Saracens’ Jacques Burger is clearly no stranger to the combative nature of rugby union. His battle-scarred face serves as a constant reminder of a brutal approach to the game that makes the no-nonsense Namibian not only a crowd favourite but also a coach’s dream.
‘Never be ashamed of a scar’, reads an unattributed quote endorsed by Burger on his Twitter account, ‘it simply means you were stronger that what tried to hurt you’. The flanker is true to his word with a series of pictures on that same social media account showcasing numerous stitches, scrapes, black eyes, blisters, the knee surgery and subsequent treatment that rescued his career.
That latter injury sidelined Burger for 18 months and his brush with premature retirement injected renewed vigour into his game. Saracens clearly never doubted for one moment he would return to their ranks, having handed him a new contract mid-recovery, and their faith has been rewarded this season with a string of high-octane performances that prompted a nomination for the Premiership Rugby Player of the Season award last week.
Despite its name, that award also takes into account performances both on the international stage and in Europe, and the panel will no doubt have noted Burger’s latest outstanding showing in his side’s stunning Heineken Cup semi-final victory over Clermont Auvergne this weekend.
It was one of the best team performances in a competition that has a history of inspiring greatness has ever witnessed. The Premiership side not only accounted for their highly-rated Top 14 rivals but in winning 46-6 they recorded the highest ever points total and biggest winning margin ever seen in a semi-final.
The six tries may have lit up the scoreboard but it was their defence that defined and won this contest. Burger led the way with a bone-crunching 27 tackles in 69 minutes and also weighed in with nine carries for a pressure-piling 59m. You cannot coach that level of commitment, you can only encourage it and trust in the player’s desire which in Burger’s case is unrivalled. The end result is a performance that is destined to become a benchmark and the blueprint for barnstorming back-row play.
Of course a team cannot dominate so emphatically unless that work ethic is shared across the board – as it was at Twickenham. The ‘Wolfpack’ mentality, that demands they do not defend as individuals but together as a team, is often mocked but it is Sarries who are laughing now as they contemplate their first ever Heineken Cup final.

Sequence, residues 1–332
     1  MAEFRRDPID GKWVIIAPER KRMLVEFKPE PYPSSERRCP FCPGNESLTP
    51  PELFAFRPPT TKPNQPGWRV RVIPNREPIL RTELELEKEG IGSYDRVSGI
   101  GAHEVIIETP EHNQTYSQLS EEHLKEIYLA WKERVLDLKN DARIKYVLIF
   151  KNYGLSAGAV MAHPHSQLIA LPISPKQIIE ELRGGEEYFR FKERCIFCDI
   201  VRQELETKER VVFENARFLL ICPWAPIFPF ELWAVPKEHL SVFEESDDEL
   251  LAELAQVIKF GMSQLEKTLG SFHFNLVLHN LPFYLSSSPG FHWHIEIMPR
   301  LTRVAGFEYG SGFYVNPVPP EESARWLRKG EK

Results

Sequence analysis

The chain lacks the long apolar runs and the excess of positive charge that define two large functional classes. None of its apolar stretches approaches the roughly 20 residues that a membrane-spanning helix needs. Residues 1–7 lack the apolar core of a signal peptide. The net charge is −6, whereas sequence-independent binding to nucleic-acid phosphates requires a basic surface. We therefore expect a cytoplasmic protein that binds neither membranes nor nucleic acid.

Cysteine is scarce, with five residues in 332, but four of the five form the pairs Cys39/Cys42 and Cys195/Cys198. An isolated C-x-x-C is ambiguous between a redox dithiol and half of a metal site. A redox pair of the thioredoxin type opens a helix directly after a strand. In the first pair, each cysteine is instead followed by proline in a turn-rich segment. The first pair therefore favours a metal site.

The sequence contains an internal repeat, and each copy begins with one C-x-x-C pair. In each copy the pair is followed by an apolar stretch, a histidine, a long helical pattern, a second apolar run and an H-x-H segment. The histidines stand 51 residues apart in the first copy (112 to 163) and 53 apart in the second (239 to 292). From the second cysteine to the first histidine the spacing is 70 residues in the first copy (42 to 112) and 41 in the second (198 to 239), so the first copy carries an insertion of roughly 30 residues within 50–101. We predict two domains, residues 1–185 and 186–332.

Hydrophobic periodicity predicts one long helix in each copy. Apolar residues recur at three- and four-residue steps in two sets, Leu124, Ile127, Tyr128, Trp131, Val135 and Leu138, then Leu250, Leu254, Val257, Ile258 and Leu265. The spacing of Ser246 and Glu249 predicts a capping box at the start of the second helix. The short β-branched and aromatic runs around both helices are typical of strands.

Sarries’ defence coach Paul Gustard has reason to be proud following this masterclass. One ‘gang tackle’ in particular, by fly-half Owen Farrell and centre Brad Barritt that shackled the usually fleet-footed Clermont wing Sitiveni Sivivatu, who was earmarked as a major threat before the game and subsequently limited to a handful of metres with ball in hand, a perfect example of the desire within the squad to work for each other.
But that desire will only carry a team so far, which is where the strength and conditioning coaches earn their money and their side a shot at Europe’s biggest prize. The hard work in pre-season and all the way through the campaign laid the foundation for their lung-busting effort against Clermont.
An awe-inspiring line speed continued to slam the door in their rivals’ faces long after the game was won while scraps were scavenged at the tackle and breakdown from the first whistle to the last, with hooker Schalk Brits and second row Steve Borthwick other notable performers on the field.
Off the field, this was a triumph for all the coaches having seen their side, by their own admission, bullied by Clermont in their quarter-final clash two years ago. That defeat triggered changes to Saracens’ approach – both physically and tactically – but at some point the responsibility falls upon the players and it helps when they are as committed as this current crop.
Sarries’ superior physicality and enviable industry set them apart this time around and those qualities are set to cast a shadow over another record-breaking element of this game. Winger Chris Ashton crossed for two tries to take his tally in this season’s Heineken Cup to 11 tries and eclipse the all-time record set by Brive’s Sebastien Carrat back in 1996-97. Like Burger, he has emerged triumphantly from doubts about his career although in his case they centred on his form rather than fitness.
Ashton, who also boasted a work rate to match his team-mates, will happily accept second billing as he quietly goes about restoring his credibility having slipped down the England pecking order. His form cannot be ignored for much longer with one last-ditch tackle late in the game on the man-mountain that is Vincent Debaty also helping to ease concerns about his defence.
A return to the international ranks surely beckons for the summer tour to New Zealand where his revival will come under even more intense scrutiny. But in this kind of form he has reason to look forward to any future challenge in the same way Burger relishes just lacing up his boots.
What do you think of Burger’s and Saracens performance, will they go on to win the Heineken Cup? How do you encourage a ‘Wolfpack’ team mentality in defence?